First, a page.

The patient is placed in the lateral decubitus position and the sacral hiatus is identified following palpation of the sacral cornua, oftentimes located above the beginning of the gluteal cleft. Identification of the sacral hiatus may also be achieved through envisioning an imaginary equilateral triangle in which a line connecting the posterior iliac spines function as one side of the triangle with the remaining two sides joining at a point consistent with the location of the sacral hiatus. Following sterile preparation, an 18-22-g styleted beveled needle is directed at a 45° angle to the skin and advanced until a "pop" is felt when the needle pierces through the sacrococcygeal ligament. When using an intravenous catheter for the caudal needle, easy advancement of the catheter off the needle is indicative of penetration into the caudal canal. If the needle encounters bone before entering the sacral hiatus, the needle should be withdrawn and its angle should be decreased and readvanced until a "pop" is felt. Other reported methods confirming caudal placement include ultrasound imaging, nerve stimulation eliciting motor activity of the anal sphincter, and the "swoosh test" in which the injection of 2-3 ml of air through the caudal needle creates a "swoosh sound" with auscultation of the thoracolumbar spine. Of note, the "swoosh test" is not routinely performed due to the potential risk of air embolism. Following correct caudal needle placement, aspiration for CSF and blood and test dose (0.1 ml/kg) may be performed prior to full local anesthetic injection. At the authors' institution, 0.125-0.250% bupivacaine with 1:200,000 epinephrine at a dose of (0.8-1 ml/kg) (with 20 ml as the maximum allowable volume due to the risk of pressure-induced paresthesia) is the local of choice and is given incrementally, providing 4-8 h of analgesia. If a caudal catheter is planned, the catheter is threaded through the caudal needle to the desired thoracic or lumbar epidural space. Methods for confirming correct placement include the use of ultrasound (Chawathe et al. 2003), nerve stimulation (Tsui et al. 2004), and radiography with contrast (Valairucha et al. 2002).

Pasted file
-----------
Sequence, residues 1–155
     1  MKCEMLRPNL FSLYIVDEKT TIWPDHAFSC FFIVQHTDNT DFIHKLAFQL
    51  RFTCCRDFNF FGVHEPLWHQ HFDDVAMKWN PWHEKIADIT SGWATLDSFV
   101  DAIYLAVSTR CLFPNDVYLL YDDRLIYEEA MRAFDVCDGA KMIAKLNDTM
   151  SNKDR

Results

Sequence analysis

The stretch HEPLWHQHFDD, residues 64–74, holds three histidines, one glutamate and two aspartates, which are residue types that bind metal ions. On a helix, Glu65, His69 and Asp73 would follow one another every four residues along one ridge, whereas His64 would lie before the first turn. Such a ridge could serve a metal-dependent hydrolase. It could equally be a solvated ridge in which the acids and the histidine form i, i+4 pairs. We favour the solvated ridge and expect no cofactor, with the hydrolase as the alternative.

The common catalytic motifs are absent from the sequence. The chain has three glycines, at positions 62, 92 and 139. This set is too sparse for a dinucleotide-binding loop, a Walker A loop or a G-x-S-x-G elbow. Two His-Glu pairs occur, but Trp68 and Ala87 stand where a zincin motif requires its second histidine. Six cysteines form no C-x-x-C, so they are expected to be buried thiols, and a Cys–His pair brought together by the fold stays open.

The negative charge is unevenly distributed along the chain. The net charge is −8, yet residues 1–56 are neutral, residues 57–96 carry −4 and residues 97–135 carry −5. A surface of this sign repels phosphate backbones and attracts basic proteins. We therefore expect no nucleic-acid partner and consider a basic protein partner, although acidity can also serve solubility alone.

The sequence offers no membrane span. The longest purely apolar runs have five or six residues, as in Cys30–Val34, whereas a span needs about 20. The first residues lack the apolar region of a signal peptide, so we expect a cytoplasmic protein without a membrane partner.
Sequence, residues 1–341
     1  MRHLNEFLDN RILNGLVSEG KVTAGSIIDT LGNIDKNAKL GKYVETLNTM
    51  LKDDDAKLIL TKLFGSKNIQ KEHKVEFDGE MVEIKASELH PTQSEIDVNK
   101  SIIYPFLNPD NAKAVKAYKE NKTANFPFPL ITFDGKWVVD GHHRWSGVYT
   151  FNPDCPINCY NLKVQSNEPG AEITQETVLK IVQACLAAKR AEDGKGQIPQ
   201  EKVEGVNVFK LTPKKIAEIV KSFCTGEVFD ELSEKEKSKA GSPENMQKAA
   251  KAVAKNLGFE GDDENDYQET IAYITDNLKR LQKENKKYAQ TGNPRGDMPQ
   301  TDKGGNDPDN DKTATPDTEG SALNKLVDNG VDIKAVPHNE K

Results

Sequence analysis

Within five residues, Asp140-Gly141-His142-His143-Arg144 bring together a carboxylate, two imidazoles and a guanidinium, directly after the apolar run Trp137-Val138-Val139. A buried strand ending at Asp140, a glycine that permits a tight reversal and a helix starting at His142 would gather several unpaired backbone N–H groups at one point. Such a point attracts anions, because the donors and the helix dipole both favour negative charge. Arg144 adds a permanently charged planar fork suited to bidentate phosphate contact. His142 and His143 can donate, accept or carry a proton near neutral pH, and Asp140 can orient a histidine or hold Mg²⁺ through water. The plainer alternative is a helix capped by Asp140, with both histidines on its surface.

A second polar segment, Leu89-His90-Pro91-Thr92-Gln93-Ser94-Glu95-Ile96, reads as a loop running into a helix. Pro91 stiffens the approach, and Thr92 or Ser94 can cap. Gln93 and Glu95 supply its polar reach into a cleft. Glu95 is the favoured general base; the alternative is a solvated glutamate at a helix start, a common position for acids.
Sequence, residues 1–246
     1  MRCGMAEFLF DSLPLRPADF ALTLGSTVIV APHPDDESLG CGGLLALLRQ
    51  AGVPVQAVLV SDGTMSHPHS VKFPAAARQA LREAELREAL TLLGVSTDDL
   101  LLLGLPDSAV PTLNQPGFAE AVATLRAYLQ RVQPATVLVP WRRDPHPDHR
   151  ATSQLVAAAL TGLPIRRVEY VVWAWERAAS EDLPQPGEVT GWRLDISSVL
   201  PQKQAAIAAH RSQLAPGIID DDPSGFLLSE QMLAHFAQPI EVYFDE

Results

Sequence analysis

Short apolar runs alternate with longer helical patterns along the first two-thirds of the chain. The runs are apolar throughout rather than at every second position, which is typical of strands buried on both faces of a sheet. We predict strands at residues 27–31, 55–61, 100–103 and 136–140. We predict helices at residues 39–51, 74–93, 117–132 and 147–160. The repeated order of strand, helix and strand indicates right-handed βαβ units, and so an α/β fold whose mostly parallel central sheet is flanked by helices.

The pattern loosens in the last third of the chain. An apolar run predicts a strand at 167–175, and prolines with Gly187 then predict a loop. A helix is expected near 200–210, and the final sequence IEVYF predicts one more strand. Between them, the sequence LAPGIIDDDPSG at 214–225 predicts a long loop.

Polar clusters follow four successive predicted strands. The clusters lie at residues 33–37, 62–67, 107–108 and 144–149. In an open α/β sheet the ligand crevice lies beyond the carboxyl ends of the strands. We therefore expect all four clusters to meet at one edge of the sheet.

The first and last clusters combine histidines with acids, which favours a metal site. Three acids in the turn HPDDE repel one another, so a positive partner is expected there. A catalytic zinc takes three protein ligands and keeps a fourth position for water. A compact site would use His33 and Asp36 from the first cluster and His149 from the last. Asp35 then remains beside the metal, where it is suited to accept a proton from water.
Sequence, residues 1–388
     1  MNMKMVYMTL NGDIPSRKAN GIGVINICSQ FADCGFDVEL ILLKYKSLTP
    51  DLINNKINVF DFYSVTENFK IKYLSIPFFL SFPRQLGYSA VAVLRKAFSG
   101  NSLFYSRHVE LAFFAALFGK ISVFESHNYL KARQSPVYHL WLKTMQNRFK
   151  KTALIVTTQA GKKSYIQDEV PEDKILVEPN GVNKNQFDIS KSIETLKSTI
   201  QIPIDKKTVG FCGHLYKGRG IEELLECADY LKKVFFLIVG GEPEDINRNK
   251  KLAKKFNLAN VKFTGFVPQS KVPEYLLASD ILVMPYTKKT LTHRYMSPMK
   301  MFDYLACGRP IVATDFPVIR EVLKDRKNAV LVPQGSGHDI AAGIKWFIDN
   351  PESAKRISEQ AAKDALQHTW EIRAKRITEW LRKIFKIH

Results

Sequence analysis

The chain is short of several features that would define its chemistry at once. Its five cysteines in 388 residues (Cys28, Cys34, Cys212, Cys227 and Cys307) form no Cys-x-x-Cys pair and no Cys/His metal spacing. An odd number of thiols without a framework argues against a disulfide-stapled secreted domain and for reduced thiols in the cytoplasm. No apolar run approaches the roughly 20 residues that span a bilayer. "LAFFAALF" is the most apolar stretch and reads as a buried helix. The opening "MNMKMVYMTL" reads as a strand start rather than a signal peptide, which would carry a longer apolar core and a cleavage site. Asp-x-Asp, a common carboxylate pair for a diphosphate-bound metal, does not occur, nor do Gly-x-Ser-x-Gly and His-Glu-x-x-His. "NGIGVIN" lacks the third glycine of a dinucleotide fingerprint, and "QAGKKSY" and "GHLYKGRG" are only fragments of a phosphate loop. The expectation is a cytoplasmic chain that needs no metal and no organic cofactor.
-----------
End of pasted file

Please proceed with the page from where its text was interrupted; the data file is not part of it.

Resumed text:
Rare complications of caudal placement may include rectal perforation, intravascular injection, dural puncture, and neurological injury. If a caudal catheter is placed, fecal catheter contamination causing systemic infection is a potential but uncommon complication. In a study looking at bacterial colonization and infection rate in pediatric patients with continuous epidurals, similar rates of gram-positive colonization in caudal and lumbar epidural catheters (25% and 23%, respectively) were noted, while caudal catheters showed a higher percentage of gram-negative organisms (16%) versus lumbar epidurals (3%) (Kost-Byerly et al. 1998). Severe systemic infections did not occur in any of the studied patients. The practice at the authors' institution to minimize infection includes strict sterile technique with catheter placement, careful occlusive dressing of the catheter, and removal of the caudal catheter by postoperative days 2 or 3 when possible.

Peripheral Nerve Block

The use of peripheral nerve blocks is another means to provide analgesia for pediatric patients. Table 30.7 describes various peripheral blocks and potential pediatric uses. Benefits of peripheral nerve blocks include targeted deposition of local to specific nerves innervating the anticipated surgical or desired analgesic site and limited systemic effects as seen with neu-raxial blocks (i.e., hypotension and respiratory depression from high spinal level). Peripheral block utilization in the pediatric population may range from the easily performed ilioin-guinal/iliohypogastric and penile blocks for inguinal hernia and circumcision procedures to brachial plexus (interscalene, axillary) and lower extremity (femoral, sciatic, popliteal) blocks

Table 30.7 Peripheral blocks performed in pediatric patients.


Pediatric Uses/Surgical Procedures


Thoracic procedures






Inguinal hernia

Miscellaneous groin procedures


Arm/hand procedures


Shoulder procedures


Finger procedures


Knee surgery

Femoral Shaft Fractures

Femoral Osteotomy


Foot/knee procedures


Leg/foot procedures

Auricular branch

Myringotomy/PE tube placement

Of Vagus (Nerve of


Infraorbital block

Cleft palate repair

Rectus sheath

Umbilical hernia repair


Epigastric hernia repair

Nissen fundoplication

Abdominal wall syndrome

Table 30.8 Maximum allowable single dosing for local anesthetics.

Local Anesthetic

Dose (mg/kg)





Lidocaine (plain)


Lidocaine with epinephrine


under the guidance of ultrasound and/or nerve stimulation to the application of novel blocks for common pediatric procedures such as myringotomy and PE (pressure equalizing) tube placement (Voronov et al. 2008). The practitioner should be cognizant of the maximal allowable local anesthetic dose to avoid systemic local toxicity when performing peripheral blocks (Table 30.8).